The second main characteristic of the Ash’arite atoms is that they are determinate or finite in number. Thus, in opposition to all schools of Greek atomists, who believed in the infinite divisibility of matter, and who maintained that atoms are infinite in number, the Ash’arites rejected the infinity of atoms on the basis of the Quranic verse: ‘And He counteth all things by number’ (Chapter LXXII, verse 28). Here Wolfson agrees that there is a definite scriptural basis for kalam’s departure from Greek atomism.

The third important characteristic of the Ash’ arite atoms is that they are perishable by nature. The Ash’ arites maintain that the atom cannot endure two instants of time. At every moment of time the atoms come into being, and pass out of existence. Each atoms’ duration (baqa’) is instantaneous. Its momentary existence is made possible through God’s supervention upon it of the accident of duration, which, like all other accidents, is perishable. In the words of al-Baqillani, the accident “perishes in the second instant of its coming-to-be.” This perishability of atoms and accidents is a direct consequence of their theological belief that God directly intervenes not only in the coming of things into being, but also in their persistence in being from one instant to another.

If the atoms and accidents are created and annihilated at every instant, then how do we explain the fact that, as far as our ordinary experience tells us, it is the same world that continues to exist? Kalam’s answer to this question has been well summarized by Professor al-Attas:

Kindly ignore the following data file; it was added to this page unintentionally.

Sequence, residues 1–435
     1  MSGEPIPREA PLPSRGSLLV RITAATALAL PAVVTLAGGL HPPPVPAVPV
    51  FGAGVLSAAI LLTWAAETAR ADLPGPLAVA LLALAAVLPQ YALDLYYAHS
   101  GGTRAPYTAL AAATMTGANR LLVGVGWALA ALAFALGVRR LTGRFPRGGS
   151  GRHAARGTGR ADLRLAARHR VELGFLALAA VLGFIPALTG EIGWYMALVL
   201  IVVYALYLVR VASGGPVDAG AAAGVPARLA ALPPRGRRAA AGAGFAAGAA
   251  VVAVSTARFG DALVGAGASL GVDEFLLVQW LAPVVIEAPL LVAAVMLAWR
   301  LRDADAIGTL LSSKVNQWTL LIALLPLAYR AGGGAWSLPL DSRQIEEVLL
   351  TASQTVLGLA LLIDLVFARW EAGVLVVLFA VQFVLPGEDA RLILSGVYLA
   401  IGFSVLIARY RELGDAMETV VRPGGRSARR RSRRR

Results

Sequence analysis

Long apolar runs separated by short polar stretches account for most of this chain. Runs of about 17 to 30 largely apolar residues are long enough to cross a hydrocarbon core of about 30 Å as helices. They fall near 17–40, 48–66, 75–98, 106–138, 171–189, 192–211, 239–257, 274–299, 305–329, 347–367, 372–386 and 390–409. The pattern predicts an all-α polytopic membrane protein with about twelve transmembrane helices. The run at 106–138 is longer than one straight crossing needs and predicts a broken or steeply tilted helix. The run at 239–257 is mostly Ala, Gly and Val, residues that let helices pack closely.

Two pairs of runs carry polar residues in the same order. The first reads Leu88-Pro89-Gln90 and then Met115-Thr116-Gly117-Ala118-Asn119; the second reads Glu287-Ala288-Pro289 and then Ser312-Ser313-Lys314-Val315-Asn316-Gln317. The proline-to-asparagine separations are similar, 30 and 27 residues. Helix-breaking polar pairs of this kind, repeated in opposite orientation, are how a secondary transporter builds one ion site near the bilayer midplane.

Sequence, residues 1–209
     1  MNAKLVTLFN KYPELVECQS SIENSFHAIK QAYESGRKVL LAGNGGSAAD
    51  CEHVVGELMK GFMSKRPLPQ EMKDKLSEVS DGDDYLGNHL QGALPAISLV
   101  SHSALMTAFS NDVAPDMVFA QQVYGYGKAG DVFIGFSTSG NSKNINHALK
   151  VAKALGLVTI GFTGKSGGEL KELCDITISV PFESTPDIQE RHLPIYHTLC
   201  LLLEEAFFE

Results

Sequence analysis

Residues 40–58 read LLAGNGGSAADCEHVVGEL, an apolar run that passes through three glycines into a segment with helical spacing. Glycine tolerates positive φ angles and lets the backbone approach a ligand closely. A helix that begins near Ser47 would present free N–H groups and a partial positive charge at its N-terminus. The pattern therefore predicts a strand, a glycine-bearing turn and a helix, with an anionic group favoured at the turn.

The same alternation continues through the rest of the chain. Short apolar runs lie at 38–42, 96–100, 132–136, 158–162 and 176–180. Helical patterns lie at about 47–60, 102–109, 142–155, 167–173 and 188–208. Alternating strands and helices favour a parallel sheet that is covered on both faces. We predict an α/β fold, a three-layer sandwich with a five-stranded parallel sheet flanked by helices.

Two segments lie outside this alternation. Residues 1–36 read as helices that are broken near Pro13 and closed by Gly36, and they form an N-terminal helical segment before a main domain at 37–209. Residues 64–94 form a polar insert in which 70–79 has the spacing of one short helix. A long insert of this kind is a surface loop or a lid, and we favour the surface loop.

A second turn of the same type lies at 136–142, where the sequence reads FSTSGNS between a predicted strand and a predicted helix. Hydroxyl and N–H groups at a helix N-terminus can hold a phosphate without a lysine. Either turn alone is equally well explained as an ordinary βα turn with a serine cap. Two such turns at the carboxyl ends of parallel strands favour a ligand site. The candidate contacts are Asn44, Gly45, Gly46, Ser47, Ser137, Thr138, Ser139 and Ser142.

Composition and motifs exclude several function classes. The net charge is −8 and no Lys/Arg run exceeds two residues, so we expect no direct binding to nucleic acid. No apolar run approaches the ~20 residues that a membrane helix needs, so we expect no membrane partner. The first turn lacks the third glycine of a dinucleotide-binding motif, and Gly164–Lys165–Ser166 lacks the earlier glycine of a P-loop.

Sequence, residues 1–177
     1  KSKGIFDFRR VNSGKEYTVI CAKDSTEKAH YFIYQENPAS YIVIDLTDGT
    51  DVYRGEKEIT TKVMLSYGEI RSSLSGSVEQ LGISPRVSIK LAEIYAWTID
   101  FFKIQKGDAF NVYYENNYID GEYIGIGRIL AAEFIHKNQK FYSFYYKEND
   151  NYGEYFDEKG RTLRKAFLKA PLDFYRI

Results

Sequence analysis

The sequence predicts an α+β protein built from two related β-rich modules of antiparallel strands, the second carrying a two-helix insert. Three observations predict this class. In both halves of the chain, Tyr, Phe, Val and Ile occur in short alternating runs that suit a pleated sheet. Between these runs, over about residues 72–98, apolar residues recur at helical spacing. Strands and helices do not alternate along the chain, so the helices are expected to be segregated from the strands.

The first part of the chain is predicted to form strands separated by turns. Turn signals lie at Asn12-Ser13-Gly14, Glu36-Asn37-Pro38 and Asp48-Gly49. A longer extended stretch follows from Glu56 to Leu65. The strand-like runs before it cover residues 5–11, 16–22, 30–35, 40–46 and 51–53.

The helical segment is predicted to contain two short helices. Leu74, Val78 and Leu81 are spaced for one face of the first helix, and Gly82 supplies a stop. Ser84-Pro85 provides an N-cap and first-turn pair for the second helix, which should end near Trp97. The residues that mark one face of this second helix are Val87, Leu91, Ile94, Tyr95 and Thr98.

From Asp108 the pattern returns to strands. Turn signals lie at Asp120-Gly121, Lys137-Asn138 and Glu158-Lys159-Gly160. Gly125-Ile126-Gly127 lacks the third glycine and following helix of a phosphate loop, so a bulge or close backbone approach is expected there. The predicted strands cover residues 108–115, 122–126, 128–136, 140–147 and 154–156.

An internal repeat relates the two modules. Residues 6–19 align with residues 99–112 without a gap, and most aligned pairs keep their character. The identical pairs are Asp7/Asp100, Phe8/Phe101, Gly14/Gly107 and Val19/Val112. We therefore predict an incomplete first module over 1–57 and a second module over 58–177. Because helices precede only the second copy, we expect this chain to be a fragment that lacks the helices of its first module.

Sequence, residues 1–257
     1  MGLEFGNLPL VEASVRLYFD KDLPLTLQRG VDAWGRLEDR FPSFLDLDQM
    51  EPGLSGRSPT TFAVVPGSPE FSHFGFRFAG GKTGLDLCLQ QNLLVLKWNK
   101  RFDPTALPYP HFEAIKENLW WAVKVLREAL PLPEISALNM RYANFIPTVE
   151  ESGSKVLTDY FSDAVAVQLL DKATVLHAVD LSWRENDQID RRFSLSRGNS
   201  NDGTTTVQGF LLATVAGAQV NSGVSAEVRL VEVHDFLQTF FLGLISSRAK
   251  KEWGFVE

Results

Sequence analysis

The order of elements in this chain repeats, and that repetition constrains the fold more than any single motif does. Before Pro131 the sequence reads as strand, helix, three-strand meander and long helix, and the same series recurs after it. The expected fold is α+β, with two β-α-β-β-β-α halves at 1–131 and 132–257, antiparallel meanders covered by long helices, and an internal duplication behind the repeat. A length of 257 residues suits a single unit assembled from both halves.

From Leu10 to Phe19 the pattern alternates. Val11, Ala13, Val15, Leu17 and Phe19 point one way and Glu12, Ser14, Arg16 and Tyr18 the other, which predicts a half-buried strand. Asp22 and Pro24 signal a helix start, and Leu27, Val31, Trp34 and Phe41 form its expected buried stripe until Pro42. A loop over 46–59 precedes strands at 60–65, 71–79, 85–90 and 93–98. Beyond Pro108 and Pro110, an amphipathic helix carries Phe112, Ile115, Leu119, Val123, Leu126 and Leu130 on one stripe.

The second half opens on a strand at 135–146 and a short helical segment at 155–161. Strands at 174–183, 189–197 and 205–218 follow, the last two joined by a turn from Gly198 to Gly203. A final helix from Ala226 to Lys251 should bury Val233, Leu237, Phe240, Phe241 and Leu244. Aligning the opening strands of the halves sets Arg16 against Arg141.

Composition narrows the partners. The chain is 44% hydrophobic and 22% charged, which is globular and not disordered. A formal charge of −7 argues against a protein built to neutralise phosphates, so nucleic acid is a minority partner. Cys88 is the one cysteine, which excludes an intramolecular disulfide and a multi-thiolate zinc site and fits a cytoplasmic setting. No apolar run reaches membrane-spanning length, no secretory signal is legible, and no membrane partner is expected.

The world, after its initial existence, does not endure or continue to exist (baqa), but passes out of existence (fana); it ceases to exist at every moment of time, and what we observe of its continuance in existence is in reality the continuous renewal of its similars. Thus at every moment of time the world is in need of existence, and what we observe of the world as such is that it is ever dependent for its existence upon the Truth Most Exalted,whose act of creation is perpetually bringing forth similar worlds from non-existence into existence. 16n this way we imagine the continuance of the same world in existence, whereas in reality such is not the case.[18]

The divine activity of “perpetually bringing forth similar worlds from non-existence into existence” takes place at the atomic level, and may be explained as follows. When God creates an atom of a body, He also creates in it the accidents that cast it into being. The mement this atom passes out of existence He replaces it with a similar atom by creating in it similar accidents, that is, accidents of the same species as the one subsisting in the preceding atom, so long as He wills the same body to continue in existence. If He wills otherwise, then He would cease creating the accidents in question.

All that we observe of generation and corruption, and change and motion in the meso world, including, for the Ash’ arites, miracles, are the results of ‘atomic phenomena’ that are directly produced by this divine activity. One of the reasons why the Ash’ arites adhered fervently to their atomism is that its theoretical framework is comprehensive enough to allow for a rational explanation of miracles.

If God wills a miracle to happen, for example, the instantaneous transformation of a body A into a body B, then He would cease craeting the atoms bearing the accidents or qualities predicated of the body A. What He brings instantaneously into existence instead are the atoms bearing the accidents or qualities predicated of the body B.